Facebook is hoping to gain favor in Washington by highlighting it generates hundreds of thousands of jobs and feeds billions of dollars into the country’s economic engine.
According to research from the University of Maryland, the “Facebook app economy” added between 182,000 and 235,000 jobs and contributed between $12.1 and $15.7 billion in wages and benefits to the U.S. economy in 2011. The report, which examined Facebook’s importance in fueling the lagging economic engine, dovetails with the social network’s beefed up spending in Washington — up to $230,000 this past quarter, a five-fold increase from the same period last year.
The increase in lobbying, according to Facebook, ensures a “continuation of our efforts to explain how our service works as well as the important actions we take to protect people who use our service and promote the value of innovation to our economy.”
The Maryland study puts specific numbers on the value of that innovation, and that sizable economic boost may bolster Facebook’s presence in D.C. as it lobbies members of Congress in areas of business and policy relevant to its interests.
Facebook’s effect on the economy derives from its broad reach and integration with millions of sites and apps. More than 2.5 million websites have integrated with Facebook, the social network’s users install 20 million apps every day, and its social gaming apps are wildly popular with its estimated 750 million users.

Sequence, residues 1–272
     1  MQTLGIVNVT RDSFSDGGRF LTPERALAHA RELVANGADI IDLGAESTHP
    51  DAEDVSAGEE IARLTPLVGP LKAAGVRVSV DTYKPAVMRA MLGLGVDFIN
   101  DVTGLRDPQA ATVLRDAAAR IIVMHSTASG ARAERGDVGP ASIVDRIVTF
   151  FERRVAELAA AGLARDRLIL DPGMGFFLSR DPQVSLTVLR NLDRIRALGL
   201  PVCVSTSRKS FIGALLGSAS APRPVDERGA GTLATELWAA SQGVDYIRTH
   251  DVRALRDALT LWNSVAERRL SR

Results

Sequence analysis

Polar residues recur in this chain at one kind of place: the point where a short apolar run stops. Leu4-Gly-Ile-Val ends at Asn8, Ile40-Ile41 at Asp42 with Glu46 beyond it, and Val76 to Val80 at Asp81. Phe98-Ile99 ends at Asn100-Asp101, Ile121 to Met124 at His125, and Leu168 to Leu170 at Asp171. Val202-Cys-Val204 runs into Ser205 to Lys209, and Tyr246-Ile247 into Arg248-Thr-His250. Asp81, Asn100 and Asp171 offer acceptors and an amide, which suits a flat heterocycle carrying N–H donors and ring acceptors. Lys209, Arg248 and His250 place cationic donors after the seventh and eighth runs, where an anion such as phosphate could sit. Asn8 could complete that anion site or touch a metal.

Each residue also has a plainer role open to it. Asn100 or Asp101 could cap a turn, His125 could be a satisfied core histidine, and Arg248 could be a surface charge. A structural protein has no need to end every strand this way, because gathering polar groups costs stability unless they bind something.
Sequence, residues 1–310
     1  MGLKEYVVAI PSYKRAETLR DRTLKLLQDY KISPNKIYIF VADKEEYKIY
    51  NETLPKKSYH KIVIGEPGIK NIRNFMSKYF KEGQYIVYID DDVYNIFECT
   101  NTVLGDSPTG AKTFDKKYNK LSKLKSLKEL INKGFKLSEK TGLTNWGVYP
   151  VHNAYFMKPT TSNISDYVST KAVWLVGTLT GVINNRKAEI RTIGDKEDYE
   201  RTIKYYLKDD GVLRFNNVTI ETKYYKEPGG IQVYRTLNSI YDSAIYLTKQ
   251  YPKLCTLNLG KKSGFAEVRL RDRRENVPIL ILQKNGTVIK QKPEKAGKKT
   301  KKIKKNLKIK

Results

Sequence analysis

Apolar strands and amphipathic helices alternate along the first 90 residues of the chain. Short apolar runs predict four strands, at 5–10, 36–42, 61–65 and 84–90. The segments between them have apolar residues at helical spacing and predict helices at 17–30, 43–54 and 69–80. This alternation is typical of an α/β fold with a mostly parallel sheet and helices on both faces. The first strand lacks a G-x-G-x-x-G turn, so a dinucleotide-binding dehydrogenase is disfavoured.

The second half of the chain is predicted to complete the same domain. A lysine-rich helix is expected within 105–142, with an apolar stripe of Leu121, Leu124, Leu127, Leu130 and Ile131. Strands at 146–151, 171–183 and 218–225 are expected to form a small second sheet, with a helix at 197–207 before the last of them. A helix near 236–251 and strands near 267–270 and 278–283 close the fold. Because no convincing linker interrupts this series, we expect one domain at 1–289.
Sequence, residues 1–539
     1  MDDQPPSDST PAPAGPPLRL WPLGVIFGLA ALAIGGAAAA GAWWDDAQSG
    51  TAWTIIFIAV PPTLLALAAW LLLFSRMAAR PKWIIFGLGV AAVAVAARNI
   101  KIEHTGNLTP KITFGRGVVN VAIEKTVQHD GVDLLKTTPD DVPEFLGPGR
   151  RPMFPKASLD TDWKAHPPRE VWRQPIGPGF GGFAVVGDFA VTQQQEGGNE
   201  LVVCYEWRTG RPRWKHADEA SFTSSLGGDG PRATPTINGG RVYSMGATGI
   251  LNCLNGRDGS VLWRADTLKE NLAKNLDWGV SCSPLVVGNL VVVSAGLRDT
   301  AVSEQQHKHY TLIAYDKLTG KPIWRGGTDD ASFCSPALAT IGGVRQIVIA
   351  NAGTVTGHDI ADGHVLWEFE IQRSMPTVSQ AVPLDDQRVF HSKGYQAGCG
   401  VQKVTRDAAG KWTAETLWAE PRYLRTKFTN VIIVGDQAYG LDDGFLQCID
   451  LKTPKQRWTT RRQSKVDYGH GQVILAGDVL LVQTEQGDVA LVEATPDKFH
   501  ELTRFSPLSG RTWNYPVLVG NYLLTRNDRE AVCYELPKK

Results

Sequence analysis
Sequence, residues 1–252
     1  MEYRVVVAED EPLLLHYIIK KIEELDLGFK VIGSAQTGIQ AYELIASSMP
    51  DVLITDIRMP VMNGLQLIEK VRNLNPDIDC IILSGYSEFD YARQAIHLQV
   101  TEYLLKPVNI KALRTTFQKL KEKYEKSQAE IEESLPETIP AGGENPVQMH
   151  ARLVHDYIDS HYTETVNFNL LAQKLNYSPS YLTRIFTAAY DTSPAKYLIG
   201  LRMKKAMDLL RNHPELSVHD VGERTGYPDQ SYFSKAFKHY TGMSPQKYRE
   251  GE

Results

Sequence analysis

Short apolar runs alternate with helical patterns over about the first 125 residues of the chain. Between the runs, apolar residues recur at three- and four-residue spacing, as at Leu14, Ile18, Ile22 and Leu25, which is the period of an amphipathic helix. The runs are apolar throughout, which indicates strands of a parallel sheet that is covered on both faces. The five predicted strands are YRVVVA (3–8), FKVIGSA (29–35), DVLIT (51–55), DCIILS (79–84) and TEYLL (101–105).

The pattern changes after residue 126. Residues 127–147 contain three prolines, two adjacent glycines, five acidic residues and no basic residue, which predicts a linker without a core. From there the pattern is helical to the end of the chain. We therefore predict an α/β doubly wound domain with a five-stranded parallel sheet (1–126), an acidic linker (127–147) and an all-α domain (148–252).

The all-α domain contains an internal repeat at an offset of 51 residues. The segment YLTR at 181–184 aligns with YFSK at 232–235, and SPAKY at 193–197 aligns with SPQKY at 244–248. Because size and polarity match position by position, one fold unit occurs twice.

More than 53,000 new jobs have been created through software companies that make applications for the Facebook platform, according to Maryland’s research.
“The jobs created in the app economy stimulate the creation of additional jobs in other sectors of the US economy,” the study said. “First, jobs are created at businesses that supply app developers. Second, jobs are created as a result of household spending based on the income earned by employees at both app developers and businesses supplying app developers.”
The Palo Alto, Calif.-based social networking giant’s new mobile platform, Project Spartan, is part of the company’s big mobile push and aims to build on those figures, fueling more innovation, corresponding jobs and economic revenue.
For Project Spartan, Facebook will create a web-based, HTML5 standard platform that will allow the broad audience of iOS device users to access the network’s full range of services without downloading a standalone app, effectively bypassing the stringent policies of Apple’s App Store.
In addition, Facebook itself, like its social media counterparts Google+ and Twitter, is known for being a job engine, employing a staff of over 2,000 and growing.
The study evaluated both jobs created in the app industry and those created in other sectors of the economy from Facebook’s ecosystem. The economic value of those jobs included salary and benefits.